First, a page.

Choosing the right oil is a big question for popcorn connoisseurs. There
are certainly many to choose from, and all have their specific benefits and
detriments. So, here is your opportunity to take a moment and examine the
different oils, and then, of course, you will know more about popcorn oil
than 98% of the people on the planet! This is your chance to join forces
with the popcorn elite, so pay attention.
The process of making kettle-cooked popcorn requires oil to heat the kernels, activating the moisture within the kernel to expand and "pop". The oil will need to withstand a great deal of heat, which is why you cannot pop popcorn in butter, as it will burn. A rich tasting, quick heating oil is generally your best bet, so we should start with the most common oil for popcorn, coconut oil.
Yes, the reports you have heard about coconut oil are true. It is not very good for you. Generally, this has to do with the process of hydrogenating the oil, giving it a significantly longer shelf life (longer than the popcorn kernels, actually), and keeping you from having to refrigerate it. "Whole" or "Virgin" coconut oil can be used, and it is significantly less detrimental to your health, but it is normally difficult to find and must be kept cool, increasing your cooking time. This is one reason the hydrogenated oils rule the American market. The other main reason is because coconut oil makes the most tasty, yummy, crispy popcorn you will find. Which, of course, is why coconut oil is the theater standard for popping corn. That "theater flavor" is achieved with coconut oil. Yep, it is super yummy.
Canola oil is a healthier choice for popping corn, but you sacrifice that true "theater taste". However, the taste of canola-cooked popcorn is still pretty good, and your arteries will appreciate it. Canola oil is more difficult to find in the easy-to-use "portion packs", but can be purchased in bulk sizes. And, unlike coconut oil, it can be easily found at your local grocery store.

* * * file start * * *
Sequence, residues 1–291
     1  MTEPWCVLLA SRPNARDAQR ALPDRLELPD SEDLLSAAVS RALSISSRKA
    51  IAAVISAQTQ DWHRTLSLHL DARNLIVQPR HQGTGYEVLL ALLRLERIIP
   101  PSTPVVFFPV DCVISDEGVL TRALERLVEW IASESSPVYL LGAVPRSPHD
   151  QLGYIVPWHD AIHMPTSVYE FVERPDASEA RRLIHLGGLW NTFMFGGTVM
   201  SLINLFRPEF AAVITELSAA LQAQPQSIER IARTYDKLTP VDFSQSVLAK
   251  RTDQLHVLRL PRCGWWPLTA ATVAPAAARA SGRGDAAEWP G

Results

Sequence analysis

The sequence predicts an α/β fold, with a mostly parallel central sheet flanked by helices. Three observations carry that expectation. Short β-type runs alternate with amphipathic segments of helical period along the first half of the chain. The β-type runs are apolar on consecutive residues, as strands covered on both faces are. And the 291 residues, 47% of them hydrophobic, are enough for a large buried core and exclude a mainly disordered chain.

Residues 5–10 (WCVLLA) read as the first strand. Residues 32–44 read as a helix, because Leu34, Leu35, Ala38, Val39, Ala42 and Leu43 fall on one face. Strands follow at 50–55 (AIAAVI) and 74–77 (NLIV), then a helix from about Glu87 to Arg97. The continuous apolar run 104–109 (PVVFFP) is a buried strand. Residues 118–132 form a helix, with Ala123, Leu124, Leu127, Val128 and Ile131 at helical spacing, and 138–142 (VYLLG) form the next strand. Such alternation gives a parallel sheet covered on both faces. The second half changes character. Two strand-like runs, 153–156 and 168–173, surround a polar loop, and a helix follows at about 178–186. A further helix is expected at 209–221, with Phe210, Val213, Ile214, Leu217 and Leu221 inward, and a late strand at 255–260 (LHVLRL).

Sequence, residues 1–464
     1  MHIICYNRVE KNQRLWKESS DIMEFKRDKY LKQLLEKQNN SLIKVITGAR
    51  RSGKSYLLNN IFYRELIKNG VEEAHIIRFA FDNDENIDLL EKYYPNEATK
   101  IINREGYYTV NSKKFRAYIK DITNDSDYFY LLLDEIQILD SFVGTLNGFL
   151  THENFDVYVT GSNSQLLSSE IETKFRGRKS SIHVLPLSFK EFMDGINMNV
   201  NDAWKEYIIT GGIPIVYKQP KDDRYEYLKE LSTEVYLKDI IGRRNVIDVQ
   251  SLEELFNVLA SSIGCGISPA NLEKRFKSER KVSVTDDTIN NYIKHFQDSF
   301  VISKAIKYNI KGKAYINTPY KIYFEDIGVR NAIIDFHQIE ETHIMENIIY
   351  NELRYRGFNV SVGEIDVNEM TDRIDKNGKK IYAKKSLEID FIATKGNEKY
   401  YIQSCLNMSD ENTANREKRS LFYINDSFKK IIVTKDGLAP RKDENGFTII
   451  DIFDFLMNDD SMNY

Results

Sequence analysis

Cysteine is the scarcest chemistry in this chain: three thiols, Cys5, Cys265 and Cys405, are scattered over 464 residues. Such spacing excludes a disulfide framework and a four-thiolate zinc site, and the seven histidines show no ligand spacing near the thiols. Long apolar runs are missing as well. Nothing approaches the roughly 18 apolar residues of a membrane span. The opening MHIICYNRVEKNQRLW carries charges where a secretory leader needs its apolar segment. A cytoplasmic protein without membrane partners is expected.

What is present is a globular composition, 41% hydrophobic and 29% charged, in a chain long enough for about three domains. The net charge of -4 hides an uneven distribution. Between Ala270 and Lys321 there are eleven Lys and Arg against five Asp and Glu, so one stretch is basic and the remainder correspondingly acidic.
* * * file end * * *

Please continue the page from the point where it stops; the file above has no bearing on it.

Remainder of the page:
Cooking popcorn in sunflower, corn, palm, or vegetable oil is also an option, but the flavor is less rich. While these choices are healthier as well, they are often reserved for popcorn that will receive added flavors like cheese or caramel. Sugared recipes like popcorn balls or traditional kettle corn work well with these types of oil.
Other oils with a more pronounced flavors can be used in conjunction with other oil types to give a specific flavor. For example, in Seattle there is a theater that uses canola oil to pop their popcorn, but infuses a bit of peanut oil into their recipe, giving it an uncommon, but very flavorful and welcome taste experience. These types of rich-flavored oils include olive, peanut, sesame, truffle, grape seed, mustard, and even walnut (yum!).
So, you are now classified as a popcorn oil expert! Go forth and share this valuable knowledge. Feel free to tell folks you discovered this all on your own with hours of original research. We will keep it our little secret. Oh, and the meeting for the popcorn elite is on Thursday evening. You are in charge of snacks this week.